Area Power Supply Adequate for Now; Analysts: Future Shortages Likely

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Byline: Patrice Hill, THE WASHINGTON TIMES

The Washington area so far has weathered the worst of the heat this summer without any lapse in power service, but industry analysts are warning about regional shortages in the next few years as rising demand butts up against limited power resources.

Another energy crisis of the magnitude seen in California in 2001, with rolling blackouts and soaring power rates, could occur before the end of the decade because the use of power is growing rapidly, but planning is inadequate for building the new plants and facilities needed to provide future power, said Ed Muller, chairman of Mirant Corp. at a recent Edison Electric Institute symposium.

Worries about the adequacy of power were heightened this summer when the Maryland General Assembly forced Baltimore Gas & Electric Co. (BGE) to defer for several years recovery of its increased fuel costs, raising questions about where utilities will get the money they need to upgrade the power grid and add supply-generating capacity.

"Electric power is the lifeblood of our economy, and serious service interruptions that could cripple economic growth will occur" if the power industry, regulators, political leaders and consumers do not start working together to ensure enough funding is available, said Timothy F. Sutherland, chairman of Pace Global Energy Services, a Fairfax consulting firm.

Cambridge Energy Research Associates also concluded recently that although supply is adequate this summer, the Mid-Atlantic and some other areas

with rising demand will experience supply deficiencies within two to five years unless investments in generation and transmission are made, or conservation measures are taken, "immediately."

"Neither the industry nor the consuming public can afford another boom-bust cycle," such as the one that led to the shortages in California and a power glut afterward, Mr. Sutherland said.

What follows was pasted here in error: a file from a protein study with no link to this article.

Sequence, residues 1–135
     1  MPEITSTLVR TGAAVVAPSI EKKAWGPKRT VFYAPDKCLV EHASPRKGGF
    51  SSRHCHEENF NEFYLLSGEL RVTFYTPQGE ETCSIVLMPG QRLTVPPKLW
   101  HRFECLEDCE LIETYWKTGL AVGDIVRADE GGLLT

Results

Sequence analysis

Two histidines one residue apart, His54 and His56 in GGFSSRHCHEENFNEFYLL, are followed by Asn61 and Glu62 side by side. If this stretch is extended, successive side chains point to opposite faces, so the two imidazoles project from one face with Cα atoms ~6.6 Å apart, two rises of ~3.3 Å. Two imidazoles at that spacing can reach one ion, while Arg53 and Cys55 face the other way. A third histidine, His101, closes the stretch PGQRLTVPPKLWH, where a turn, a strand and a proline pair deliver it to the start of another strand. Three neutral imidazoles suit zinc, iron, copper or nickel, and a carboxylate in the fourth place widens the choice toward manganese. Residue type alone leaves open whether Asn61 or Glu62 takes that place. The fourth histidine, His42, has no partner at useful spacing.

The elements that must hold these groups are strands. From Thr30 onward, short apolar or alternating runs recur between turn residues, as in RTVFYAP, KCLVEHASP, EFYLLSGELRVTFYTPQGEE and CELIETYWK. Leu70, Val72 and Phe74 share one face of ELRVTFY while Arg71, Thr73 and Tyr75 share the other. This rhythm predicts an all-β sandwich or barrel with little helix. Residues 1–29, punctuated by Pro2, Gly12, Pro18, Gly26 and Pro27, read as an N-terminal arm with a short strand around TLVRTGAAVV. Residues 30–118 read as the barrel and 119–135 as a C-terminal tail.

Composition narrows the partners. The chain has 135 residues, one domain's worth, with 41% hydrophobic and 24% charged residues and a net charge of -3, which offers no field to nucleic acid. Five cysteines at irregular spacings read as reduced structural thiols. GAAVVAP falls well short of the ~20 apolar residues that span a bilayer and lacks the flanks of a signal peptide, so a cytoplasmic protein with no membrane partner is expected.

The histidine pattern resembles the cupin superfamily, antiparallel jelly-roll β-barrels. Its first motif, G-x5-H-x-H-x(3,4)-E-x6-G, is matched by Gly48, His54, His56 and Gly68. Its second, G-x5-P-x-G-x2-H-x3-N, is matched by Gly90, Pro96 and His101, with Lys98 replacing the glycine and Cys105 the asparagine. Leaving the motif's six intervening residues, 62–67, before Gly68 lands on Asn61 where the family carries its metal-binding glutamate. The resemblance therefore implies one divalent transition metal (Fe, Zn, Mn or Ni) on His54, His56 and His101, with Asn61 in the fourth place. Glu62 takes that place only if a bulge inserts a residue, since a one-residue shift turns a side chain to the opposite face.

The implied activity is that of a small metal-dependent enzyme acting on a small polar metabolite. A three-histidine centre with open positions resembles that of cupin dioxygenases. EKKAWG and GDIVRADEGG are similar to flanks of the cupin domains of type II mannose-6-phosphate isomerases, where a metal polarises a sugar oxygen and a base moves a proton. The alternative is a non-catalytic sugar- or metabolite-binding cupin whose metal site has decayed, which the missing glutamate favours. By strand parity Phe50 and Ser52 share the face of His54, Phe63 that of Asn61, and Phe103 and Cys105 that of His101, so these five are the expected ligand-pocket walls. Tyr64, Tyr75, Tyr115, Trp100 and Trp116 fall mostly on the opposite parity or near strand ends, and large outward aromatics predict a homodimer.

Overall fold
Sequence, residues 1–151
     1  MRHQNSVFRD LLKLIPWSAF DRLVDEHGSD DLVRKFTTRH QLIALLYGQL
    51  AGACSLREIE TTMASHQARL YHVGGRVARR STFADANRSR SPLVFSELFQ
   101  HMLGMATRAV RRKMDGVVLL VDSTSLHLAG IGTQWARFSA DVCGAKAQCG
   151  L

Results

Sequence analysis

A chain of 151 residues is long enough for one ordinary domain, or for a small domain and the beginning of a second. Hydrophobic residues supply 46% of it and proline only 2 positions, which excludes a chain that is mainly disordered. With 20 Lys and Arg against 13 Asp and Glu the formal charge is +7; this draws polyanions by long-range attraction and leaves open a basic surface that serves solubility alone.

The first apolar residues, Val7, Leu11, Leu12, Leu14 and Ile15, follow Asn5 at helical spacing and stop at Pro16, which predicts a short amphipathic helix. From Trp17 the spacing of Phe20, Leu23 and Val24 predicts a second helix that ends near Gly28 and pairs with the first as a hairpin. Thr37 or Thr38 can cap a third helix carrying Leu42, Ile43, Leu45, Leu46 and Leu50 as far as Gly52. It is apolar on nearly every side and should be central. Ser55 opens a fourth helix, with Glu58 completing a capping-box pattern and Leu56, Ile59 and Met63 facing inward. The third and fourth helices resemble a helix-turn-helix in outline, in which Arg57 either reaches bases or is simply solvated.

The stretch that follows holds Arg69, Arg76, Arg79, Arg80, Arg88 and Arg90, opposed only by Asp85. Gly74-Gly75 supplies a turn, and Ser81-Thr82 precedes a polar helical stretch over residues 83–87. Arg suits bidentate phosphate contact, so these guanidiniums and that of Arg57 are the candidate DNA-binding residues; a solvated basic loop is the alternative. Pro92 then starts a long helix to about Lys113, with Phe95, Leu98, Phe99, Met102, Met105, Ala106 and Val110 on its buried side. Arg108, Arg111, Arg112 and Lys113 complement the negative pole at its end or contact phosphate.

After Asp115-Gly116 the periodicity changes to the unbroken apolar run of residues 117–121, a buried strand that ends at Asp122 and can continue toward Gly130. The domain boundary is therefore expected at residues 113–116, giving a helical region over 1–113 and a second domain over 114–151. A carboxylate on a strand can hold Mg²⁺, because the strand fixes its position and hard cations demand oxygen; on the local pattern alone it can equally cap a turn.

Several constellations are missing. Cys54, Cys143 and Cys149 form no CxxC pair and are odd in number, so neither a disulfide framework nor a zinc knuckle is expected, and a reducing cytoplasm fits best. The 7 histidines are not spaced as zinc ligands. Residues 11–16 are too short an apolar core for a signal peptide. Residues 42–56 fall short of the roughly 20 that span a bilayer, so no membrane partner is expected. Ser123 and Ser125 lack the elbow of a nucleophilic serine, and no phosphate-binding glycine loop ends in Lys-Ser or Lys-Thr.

A boom in construction of power plants fired by natural gas between 1995 and 2001 led to power surpluses from 2002 to 2005, but that spare cushion is rapidly dwindling in the Washington-Baltimore area, California, New York, New England and Florida, the most congested urban regions.

One irony is that as utilities such as Potomac Electric Power Co. and BGE have depended increasingly on gas-fired power plants built in the 1990s, that dependency has driven up power prices and rates, because gas prices, having tripled since 2000, are the costliest fuel for supplying power.

Yet growing demand in coming years will keep pressure on gas prices and force even more reliance on these costly, though environmentally clean power plants, analysts say.

Because of the spike in gas prices, the industry is looking to nuclear and coal-fired power plants to satisfy the next generation of power needs. But the upfront costs for these massive power plants are considerable, estimated at $400 billion over the next 25 years, and the many hurdles to getting regulatory approval and financing for nuclear and coal projects means they can take six years to a decade to build.

Gas-fired plants are small and can be built relatively cheaply and quickly because they need less regulatory scrutiny, but new coal and nuclear plants have not been built for decades, and environmental and community opposition makes their revival uncertain.

So-called "clean" coal technology aimed at eliminating the noxious pollutants and greenhouse gases prevalent at older coal plants is largely unproven, so clearance of new coal plants by state and federal environmental authorities remains far from certain, according to a Pace report. …